Harvests threatened by locust swarms
February 4, 2020 - Swarms of voracious locusts are rampaging through large parts of East Africa, the Middle East and southwestern Asia, devastating cropland and threatening the livelihoods of millions of people.
As locusts by the billions descend on parts of Kenya in the worst outbreak in 70 years, small planes are flying low over affected areas to spray pesticides in what experts call the only effective control.
Somalia’s agriculture ministry on Sunday called the outbreak a national emergency and major threat to the country’s fragile food security, saying the “uncommonly large” locust swarms are consuming huge amounts of crops.
In swarms the size of major cities, the locusts also have affected parts of Sudan, Djibouti and Eritrea, whose agriculture ministry says both the military and general public have been deployed to combat them.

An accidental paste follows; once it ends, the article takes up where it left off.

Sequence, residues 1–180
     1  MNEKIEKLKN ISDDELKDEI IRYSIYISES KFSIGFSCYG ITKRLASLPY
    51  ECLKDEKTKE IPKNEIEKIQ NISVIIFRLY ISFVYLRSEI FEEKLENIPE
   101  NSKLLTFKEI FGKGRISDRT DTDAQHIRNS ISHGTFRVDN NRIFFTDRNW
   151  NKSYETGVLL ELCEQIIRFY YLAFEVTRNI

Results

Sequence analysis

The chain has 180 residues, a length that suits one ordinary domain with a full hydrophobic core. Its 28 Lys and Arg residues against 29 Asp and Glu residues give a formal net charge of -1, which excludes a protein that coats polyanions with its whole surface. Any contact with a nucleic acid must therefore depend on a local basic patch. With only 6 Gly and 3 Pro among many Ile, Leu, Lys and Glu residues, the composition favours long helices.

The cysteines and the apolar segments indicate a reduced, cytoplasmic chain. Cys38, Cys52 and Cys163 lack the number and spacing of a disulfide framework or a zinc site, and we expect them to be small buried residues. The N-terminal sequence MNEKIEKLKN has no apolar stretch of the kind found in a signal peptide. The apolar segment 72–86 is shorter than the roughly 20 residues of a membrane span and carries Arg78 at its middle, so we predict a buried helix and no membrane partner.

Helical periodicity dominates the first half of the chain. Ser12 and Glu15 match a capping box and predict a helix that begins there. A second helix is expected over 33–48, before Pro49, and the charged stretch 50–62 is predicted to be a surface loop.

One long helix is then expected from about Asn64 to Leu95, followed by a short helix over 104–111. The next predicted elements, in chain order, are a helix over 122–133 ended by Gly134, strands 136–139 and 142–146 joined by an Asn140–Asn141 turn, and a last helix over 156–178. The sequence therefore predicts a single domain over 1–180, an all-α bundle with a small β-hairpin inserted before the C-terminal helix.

The locusts also are heading toward the breadbasket of Ethiopia, Africa’s second-most populous country, in that nation’s worst outbreak in 25 years. On Thursday, startled residents of Ethiopia’s capital, Addis Ababa, started reported sightings of the insects.
The insects have also invaded India and Pakistan, where the government declared a national emergency.
Favorable weather conditions and a delayed government response have helped the locusts breed and attack crop areas.
Their potential for large-scale destruction is raising fears of food insecurity.
Graphic News Standards